That is, by the aiding of "subordinates" abroad by capitalist institutions, those institutions are likewise forfeiting their right to argue in favor of "survival" and of being "the fittest." That being, capitalism indeed cannot exist without its often neglected "subordinates", and also that nurturing others (in this instance, the lower-class) is merely a hospitable human instinct, since corrupted by petty ideals of selfishness and a sense of being higher than any other human. Both of these characteristics are hallmarks of capitalism.
It is then easier to distinguish why there are massive class gaps: specifically here, economic gaps between the bourgeois and the proletariat and peasantry.
If class is created due to the concept of man's basic survival, it must then be inherent of the establishment that claims such standards are true: capitalism.
This of course is not meant to imply that human skills naturally differ. It is instead signifying that some believe that they actually become better than all other men and are hence entitled to better than average conditions, as they self-proclaim themselves superior. Such self-proclamation only has material value and recognition from others when there is an organization to uphold it. The fact that none can defy the fundamental truth that on the most basic level, are humans are equal in that they are of the same species, will be discussed further on.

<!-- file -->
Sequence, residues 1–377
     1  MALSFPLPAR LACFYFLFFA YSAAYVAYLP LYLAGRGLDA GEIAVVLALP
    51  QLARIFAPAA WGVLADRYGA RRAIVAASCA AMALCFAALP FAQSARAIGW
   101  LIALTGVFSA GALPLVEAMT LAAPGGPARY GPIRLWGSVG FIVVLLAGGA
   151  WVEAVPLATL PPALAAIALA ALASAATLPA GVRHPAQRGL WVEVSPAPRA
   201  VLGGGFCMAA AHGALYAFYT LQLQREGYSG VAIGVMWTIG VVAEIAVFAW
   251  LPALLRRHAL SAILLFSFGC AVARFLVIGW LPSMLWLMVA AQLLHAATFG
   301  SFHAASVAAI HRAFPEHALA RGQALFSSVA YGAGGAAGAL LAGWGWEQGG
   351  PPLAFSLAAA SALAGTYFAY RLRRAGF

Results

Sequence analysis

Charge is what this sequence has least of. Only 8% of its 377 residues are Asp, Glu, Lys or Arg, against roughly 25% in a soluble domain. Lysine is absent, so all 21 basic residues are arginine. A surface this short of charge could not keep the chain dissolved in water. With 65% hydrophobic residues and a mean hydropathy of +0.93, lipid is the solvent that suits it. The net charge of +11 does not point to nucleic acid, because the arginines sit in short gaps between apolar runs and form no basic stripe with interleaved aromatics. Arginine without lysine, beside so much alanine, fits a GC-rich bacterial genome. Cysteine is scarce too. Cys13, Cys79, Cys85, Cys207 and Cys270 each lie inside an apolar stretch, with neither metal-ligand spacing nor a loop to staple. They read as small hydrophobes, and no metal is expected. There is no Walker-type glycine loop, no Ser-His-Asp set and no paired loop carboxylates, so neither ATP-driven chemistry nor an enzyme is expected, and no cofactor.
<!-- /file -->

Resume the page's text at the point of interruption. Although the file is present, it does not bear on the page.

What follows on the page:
The entire premise of capitalism is supposed to allow the "best man for the job", a distorted sort of meritocracy where participants are supposed to excel according to their work input. Capitalism is said to offer mass opportunity, a devious word that has helped to coin the phrase "the land of opportunity" as it pertains to America. Capitalist opportunity is meant to signify the chance to graduate, so to speak, to higher classes, ultimately that of the bourgeoisie. This is meant to be done via personal skill and usefulness to a subjugator (an employer), or the implementation of the free-market (the idea that labor is sold).
One must consider, however, how much opportunity is in fact involved in capitalism.
The lower-class – by all means the major class in the world – is already at a disadvantage when considering class; they are the individuals who compose the lowest economic spectrum. Though it is the contention of capitalists to argue that the participants of the lower class are able to advance, or graduate, to a higher class, such a claim is contradicted by the capitalists themselves, who systematically undermine the proletariat and peasantry with economic hegemony.